By Chino S. Leyco
The Duterte administration has started selling its yen-denominated bonds with four tenors, the Bureau of the Treasury announced on Tuesday.
National Treasurer Rosalia de Leon said the government is marketing up to $1-billion Samurai bonds across tenors of three-, five-, seven-, and 10-years.
But De Leon clarified the four tenors were just “initial guidance” for the Philippines’ return to the Japanese debt market.
This bond sale is the second consecutive year that the government borrowed in yen after its successful return to the Japanese market in August 2018.
The Duterte administration sold 154.2 billion yen from the sale of multi-tranche “Samurai bonds,” equivalent of $1.39 billion, in August last year.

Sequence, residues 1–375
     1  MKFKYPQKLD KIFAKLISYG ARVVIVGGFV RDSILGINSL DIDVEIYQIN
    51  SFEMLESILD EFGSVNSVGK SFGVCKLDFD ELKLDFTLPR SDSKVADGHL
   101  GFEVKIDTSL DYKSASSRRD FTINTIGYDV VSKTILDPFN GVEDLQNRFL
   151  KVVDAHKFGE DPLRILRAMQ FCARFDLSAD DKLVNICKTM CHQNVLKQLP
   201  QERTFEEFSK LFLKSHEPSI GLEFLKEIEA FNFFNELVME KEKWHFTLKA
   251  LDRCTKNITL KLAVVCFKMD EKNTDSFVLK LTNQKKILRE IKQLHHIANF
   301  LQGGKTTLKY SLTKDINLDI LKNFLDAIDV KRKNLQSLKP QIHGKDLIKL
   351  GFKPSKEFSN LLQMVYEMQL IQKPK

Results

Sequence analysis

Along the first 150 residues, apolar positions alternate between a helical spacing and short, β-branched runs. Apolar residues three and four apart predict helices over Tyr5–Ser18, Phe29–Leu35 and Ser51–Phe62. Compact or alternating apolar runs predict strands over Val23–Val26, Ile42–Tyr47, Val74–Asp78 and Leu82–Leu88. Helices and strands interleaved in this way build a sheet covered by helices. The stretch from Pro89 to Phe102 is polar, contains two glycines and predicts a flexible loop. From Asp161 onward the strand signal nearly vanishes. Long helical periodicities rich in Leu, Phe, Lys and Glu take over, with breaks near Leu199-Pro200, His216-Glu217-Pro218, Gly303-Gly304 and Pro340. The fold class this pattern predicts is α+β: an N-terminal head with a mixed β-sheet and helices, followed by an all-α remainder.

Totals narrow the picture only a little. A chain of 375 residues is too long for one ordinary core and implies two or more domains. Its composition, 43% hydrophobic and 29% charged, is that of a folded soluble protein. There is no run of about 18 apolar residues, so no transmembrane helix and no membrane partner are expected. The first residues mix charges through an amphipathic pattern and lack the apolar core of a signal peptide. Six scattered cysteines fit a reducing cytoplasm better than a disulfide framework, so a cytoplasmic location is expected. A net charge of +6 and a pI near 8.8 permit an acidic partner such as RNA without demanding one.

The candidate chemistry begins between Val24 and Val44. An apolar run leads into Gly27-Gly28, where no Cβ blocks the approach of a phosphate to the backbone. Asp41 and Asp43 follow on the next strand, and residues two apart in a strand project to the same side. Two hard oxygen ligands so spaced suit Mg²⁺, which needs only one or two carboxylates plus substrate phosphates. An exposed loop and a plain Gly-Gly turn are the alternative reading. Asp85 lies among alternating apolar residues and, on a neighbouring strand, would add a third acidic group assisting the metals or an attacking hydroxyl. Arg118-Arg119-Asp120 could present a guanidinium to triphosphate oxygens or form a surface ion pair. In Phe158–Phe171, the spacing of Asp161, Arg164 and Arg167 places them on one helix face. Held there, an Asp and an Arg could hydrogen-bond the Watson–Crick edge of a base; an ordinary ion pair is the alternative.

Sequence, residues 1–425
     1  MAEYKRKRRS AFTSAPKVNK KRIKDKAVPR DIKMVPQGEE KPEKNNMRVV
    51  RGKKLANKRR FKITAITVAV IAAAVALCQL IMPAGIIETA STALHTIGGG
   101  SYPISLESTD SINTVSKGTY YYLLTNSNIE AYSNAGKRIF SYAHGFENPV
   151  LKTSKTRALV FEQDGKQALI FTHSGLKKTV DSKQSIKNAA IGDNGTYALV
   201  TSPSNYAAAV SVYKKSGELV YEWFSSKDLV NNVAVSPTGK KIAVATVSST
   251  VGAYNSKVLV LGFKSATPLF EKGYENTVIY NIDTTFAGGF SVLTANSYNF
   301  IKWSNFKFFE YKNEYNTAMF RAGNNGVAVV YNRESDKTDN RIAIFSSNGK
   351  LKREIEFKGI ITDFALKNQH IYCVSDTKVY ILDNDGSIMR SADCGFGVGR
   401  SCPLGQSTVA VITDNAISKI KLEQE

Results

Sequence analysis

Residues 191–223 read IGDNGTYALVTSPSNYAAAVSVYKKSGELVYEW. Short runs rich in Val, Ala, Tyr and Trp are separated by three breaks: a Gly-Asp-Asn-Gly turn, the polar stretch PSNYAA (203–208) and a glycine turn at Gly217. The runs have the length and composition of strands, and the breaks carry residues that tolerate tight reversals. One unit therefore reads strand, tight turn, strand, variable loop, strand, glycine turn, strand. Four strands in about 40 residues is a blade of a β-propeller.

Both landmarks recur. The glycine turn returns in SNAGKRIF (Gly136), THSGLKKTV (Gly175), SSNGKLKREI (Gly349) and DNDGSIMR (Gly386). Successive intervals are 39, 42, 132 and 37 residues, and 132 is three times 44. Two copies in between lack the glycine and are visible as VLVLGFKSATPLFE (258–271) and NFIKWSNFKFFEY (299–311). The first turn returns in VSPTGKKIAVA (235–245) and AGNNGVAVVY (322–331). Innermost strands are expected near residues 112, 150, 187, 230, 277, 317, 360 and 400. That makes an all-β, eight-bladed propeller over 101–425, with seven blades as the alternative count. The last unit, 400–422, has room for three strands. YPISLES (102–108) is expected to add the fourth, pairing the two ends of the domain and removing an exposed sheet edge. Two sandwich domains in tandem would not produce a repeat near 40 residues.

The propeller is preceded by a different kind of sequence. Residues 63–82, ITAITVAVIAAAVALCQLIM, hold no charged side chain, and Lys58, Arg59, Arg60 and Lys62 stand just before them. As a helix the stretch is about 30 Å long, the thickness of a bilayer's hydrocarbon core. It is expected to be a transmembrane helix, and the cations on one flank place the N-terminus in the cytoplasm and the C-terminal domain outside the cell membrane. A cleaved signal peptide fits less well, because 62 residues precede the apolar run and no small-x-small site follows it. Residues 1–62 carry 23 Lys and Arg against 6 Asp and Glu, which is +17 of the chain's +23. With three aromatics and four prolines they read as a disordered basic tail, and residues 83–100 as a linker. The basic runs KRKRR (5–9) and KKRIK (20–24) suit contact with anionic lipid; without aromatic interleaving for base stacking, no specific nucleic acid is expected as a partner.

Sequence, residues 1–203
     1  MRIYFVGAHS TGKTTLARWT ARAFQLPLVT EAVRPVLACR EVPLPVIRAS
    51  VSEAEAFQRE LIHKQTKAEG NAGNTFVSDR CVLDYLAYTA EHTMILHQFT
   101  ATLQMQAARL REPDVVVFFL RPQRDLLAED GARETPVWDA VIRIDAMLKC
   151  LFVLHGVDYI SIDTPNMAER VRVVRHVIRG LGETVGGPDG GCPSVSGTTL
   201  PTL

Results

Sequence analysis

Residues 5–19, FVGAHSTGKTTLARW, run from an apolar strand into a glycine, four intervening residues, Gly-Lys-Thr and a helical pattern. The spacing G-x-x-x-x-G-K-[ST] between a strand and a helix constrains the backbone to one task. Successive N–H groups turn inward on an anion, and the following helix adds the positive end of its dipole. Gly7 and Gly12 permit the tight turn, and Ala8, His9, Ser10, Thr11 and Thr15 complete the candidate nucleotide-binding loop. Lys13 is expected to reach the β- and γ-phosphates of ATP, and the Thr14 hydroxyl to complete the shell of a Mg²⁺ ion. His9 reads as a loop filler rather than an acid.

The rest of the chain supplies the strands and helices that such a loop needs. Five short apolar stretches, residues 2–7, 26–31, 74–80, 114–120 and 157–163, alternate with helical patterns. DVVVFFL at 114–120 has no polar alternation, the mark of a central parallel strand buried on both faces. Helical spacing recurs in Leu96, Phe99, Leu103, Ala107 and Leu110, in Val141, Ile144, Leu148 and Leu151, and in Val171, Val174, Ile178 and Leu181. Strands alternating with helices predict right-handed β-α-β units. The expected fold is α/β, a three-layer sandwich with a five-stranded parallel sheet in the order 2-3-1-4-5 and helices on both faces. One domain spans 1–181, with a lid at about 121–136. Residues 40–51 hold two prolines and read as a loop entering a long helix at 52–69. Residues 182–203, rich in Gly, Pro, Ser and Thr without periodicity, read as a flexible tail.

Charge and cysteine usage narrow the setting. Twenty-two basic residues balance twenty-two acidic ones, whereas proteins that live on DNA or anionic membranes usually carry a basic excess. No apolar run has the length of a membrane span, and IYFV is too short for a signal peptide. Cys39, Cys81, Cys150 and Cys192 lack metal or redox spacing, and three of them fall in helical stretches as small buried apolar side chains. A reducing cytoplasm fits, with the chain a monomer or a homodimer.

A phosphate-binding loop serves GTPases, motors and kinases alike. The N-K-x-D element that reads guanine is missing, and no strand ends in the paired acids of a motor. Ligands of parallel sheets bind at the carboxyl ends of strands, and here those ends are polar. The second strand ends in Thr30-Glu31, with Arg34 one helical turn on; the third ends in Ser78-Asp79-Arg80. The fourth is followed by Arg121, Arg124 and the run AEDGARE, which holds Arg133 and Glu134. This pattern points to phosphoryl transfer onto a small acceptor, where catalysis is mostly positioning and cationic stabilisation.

Manila’s offering in 2018 marked the Philippines’ return to the Samurai market after an eight-year break, and the first time in nearly two-decades that it has issued yen-denominated notes on a stand-alone basis.
Last year’s Samurai bond was “well received” by a good mix of institutional and regional investors, mostly were new to Philippine credit.
They include asset managers, life insurers, trust banks and specialist banks, regional accounts including shinkin banks, non-Japanese accounts and corporates.
The government sold 40.8 billion yen in 10-year bonds, 6.2 billion yen in five-year notes and 107.2 billion yen in three-year IOUs.
Manila’s Samurai bond coupon was set at 0.38 percent, 0.54 percent, and 0.99 percent for the three-, five, and 10-year tranches, respectively.